It is something supporters of Aston Villa, Birmingham City and West Bromwich Albion will never have expected to see: a Lego Liam Ridgewell.
The very fact such a figurine exists, though, sums up the unlikely success story that Ridgewell, a solid Premier League pro, has written for himself since decamping from the West Midlands to the West Coast to join Portland Timbers in June 2014.
Nineteen months on, the 31-year-old is captain of the newly crowned MLS champions, lives beside a tree-lined lake – and can even buy his children plastic toys of Dad. “I think at West Brom they might have burned them or chucked them in the bin,” he laughs. “I got a few for the kids and it is something different, for sure.”
Ridgewell is speaking at the impressive £30m training complex of Brighton & Hove Albion, the club he is currently playing for on a six-week loan during the Timbers’ off-season. On Saturday he plays his first home match for Chris Hughton’s promotion-chasing side against Huddersfield Town, but first things first: that MLS Cup triumph with the outsiders from Oregon.
“It was certainly up there with winning the Carling Cup,” says Ridgewell, whose only previous major honour was Birmingham’s 2011 League Cup triumph. “Nobody expected us to even get anywhere close. The whole build-up was great and winning it was unbelievable, with the after-party and the parade around Portland. They did an open-top bus tour and about 15,000 turned up on the streets. It is one thing that will stay with me for ever.”
Ridgewell, playing at centre-half, had scored in Portland’s Western Conference victory over FC Dallas that preceded the MLS Cup final against Columbus Crew, and another highlight was the 5-2 away victory against Steven Gerrard and Robbie Keane’s LA Galaxy in October. “At that time people were questioning whether we were going to make the play-offs and then we went up to LA and that is like going to Man United – people don’t expect you to win. But we played them off the park and from there I don’t think we lost a game.
“I spoke to Robbie Keane during the game, we were saying how fucking hot it was,” he adds. “My mate had asked for Gerrard’s shirt so I asked him [Keane] and he came and gave it to me afterwards.”
For Ridgewell, the weather and travel are the biggest challenges in a league where the quality of football “is like the Championship”. “You get such a mix,” he continues. “You get to play against New York City and against [Andrea] Pirlo, [David] Villa and [Frank] Lampard and you will play another team that haven’t got all those DPs [designated players] and you are playing a different game. Some stadiums are really full, where they have it downtown, and some stadiums aren’t, because it is really far out.”
At Portland, he plays in front of a noisy, 22,000 sell-out crowd each week, as well as enjoying one of US soccer’s quirkiest traditions. The Timbers featured in the NASL in the 1970s and since those days have maintained the peculiar ritual of marking each goal with a chainsaw-wielding fan, aka Timber Joey, slicing a circle of wood from a tree stump. “Every time you score or get a clean sheet, they slice a bit of log for you to take home. I say, ‘Sorry, but I can’t get it back to London!’ My old man tried to pick one up and said, ‘No way are we getting that home’. They have the stump of a tree up on stilts behind a goal and every time we score he goes up and chops it off. After the game you stand there and lift it up in front of the fans.”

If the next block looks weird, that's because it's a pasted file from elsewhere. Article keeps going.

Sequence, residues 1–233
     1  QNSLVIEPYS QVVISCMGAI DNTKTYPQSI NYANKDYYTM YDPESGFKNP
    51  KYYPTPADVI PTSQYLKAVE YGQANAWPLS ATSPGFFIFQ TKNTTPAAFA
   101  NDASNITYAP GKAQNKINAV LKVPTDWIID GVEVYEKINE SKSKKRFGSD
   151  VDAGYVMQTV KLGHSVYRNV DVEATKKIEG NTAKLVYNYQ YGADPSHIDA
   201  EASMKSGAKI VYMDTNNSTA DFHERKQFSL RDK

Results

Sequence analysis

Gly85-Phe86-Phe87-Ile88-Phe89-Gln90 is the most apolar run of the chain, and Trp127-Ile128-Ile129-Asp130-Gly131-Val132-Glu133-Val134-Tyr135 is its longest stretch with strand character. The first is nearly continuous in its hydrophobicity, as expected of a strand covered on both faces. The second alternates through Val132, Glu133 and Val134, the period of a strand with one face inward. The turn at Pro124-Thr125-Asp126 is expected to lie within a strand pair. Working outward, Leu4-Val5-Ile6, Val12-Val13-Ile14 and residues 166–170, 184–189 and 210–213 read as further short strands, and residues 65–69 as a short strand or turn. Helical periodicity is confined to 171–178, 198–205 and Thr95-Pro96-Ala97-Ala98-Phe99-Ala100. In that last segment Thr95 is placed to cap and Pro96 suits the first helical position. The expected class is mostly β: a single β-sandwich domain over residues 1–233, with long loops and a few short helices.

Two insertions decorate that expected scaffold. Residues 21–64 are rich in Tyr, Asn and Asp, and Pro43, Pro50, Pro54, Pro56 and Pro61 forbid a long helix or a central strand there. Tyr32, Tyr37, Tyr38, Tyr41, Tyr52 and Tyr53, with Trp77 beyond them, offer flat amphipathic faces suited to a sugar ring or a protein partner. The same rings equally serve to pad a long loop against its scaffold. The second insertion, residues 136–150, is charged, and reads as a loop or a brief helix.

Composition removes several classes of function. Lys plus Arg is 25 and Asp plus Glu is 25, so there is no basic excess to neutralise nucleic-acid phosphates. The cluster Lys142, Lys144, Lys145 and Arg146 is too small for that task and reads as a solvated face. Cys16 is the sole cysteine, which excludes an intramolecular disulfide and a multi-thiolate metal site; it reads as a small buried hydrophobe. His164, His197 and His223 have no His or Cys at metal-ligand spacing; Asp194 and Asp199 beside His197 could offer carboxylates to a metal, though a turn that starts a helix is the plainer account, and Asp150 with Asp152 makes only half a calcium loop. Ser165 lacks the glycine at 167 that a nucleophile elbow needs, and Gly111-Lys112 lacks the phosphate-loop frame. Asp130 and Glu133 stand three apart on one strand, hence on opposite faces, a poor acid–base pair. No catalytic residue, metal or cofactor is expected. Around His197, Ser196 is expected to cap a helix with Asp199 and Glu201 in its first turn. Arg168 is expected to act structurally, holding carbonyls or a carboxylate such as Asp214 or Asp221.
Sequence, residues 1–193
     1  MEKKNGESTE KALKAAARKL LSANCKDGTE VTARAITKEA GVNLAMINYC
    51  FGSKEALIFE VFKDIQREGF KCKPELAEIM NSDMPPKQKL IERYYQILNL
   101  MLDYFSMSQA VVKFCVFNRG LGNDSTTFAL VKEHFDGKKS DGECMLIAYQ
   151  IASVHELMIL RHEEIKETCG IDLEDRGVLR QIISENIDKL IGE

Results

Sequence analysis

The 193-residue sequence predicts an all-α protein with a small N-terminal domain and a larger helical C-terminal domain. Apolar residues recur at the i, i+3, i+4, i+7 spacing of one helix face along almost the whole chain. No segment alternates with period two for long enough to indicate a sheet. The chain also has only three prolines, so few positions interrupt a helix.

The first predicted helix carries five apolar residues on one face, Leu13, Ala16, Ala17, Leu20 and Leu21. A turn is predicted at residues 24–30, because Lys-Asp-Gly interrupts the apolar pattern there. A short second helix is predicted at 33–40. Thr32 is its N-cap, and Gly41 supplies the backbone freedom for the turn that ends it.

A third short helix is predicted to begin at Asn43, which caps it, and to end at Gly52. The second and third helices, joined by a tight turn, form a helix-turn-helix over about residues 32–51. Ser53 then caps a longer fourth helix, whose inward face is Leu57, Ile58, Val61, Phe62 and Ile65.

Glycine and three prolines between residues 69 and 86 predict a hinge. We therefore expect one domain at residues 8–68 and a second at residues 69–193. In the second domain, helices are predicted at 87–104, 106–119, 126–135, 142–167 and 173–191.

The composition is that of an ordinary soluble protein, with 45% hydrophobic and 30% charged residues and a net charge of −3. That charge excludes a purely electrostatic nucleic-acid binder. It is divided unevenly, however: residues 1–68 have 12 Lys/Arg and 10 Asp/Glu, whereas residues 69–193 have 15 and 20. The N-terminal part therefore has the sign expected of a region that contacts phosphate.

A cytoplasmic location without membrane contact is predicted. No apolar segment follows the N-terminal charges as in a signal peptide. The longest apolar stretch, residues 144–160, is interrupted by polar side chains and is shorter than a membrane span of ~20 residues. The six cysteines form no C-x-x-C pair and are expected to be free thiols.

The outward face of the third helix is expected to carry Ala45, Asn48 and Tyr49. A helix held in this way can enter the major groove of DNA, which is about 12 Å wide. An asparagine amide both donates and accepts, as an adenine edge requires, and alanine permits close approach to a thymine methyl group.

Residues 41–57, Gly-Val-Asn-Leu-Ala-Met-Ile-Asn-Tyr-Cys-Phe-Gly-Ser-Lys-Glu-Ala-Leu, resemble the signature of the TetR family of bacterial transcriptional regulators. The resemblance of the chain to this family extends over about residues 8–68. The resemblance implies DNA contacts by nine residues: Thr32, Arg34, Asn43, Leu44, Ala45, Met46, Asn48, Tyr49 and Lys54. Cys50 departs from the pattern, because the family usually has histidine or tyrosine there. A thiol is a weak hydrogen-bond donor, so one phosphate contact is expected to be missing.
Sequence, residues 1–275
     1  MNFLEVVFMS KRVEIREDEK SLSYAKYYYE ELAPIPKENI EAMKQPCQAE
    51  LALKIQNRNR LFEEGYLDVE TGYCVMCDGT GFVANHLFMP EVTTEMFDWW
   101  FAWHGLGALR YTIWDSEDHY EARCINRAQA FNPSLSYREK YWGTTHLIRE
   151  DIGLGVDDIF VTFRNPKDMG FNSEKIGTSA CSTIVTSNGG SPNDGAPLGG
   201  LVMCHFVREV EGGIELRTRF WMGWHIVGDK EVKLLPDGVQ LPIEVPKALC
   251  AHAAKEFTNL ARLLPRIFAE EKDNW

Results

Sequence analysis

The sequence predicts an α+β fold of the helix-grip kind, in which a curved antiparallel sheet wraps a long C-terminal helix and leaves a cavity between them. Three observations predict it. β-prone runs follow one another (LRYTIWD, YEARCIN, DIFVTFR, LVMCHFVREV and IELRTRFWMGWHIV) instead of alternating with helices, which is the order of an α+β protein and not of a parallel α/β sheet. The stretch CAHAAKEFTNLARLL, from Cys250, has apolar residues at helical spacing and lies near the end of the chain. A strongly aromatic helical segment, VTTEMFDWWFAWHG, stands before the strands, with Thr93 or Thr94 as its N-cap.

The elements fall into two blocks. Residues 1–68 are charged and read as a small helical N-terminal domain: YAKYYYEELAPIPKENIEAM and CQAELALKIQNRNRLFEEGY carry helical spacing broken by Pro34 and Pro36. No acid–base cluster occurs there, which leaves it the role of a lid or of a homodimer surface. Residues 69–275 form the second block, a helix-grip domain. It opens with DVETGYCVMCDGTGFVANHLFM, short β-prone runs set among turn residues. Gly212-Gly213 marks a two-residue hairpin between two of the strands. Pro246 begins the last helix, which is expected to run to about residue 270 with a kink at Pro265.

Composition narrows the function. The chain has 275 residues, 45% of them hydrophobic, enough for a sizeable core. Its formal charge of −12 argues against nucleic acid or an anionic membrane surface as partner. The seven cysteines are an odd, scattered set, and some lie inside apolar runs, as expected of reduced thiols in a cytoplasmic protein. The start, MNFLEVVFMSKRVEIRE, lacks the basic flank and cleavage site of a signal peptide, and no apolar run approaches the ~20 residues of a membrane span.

Ridgewell, who co-owns a swimwear company, Thomas Royall, with the Brentford midfielder Sam Saunders, is also rather closer to water than he was in the Midlands. “I live on Lake Oswego. I have a boat and there are restaurants and bars you can go and take your boat down to. It is such a different way of life.
“Portland is lovely. I compare it with Shoreditch and Hoxton in London with a lot of tattoos, a lot of piercings, lots of quirky people there. The fans are unbelievable, they are one of the best sets of fans I have ever played in front of. I compare it to a derby game every week – an Arsenal-Spurs or a Birmingham-Villa. They don’t shut up, they don’t stop singing. Even if you are losing they will still be chanting behind you. It is a great set of fans and we sell out every week.”
Now three games into his loan spell at Brighton, he is hopeful of extending it beyond the originally agreed six-week period. “It saves me going back and doing pre-season – I can do it here and get to play in the Championship,” says Ridgewell, who is enjoying the opportunity to spend time with his two children, Luca and Eva, who live in England with their mother.
Another thing he misses about home is the “three o’clock Saturday feeling” though he was not inclined to say the same about the weather as snow swirled around Ewood Park during his first win as a Brighton player last weekend. “We play games in Houston and it is 90 Fahrenheit, with 95 per cent humidity. Then you come to Blackburn, where it is minus two and snowing and you can’t feel your toes. I’d quite like a bit in between, to be perfectly honest.”
That victory at Blackburn ended an eight-match winless sequence for Brighton yet they remain in fifth in the Championship. Ridgewell, who worked with Hughton previously at Birmingham, was impressed that he “didn’t see any heads dropping” during their losing run, and he sees not just a close-knit squad but a club with top-flight potential. “You see the training ground, you see the stadium, you see Chris – a manager that wants to be back in the Premier League. There is no limit here. They have all the infrastructure to be a Premier League club. Hopefully, I can help them achieve that.”
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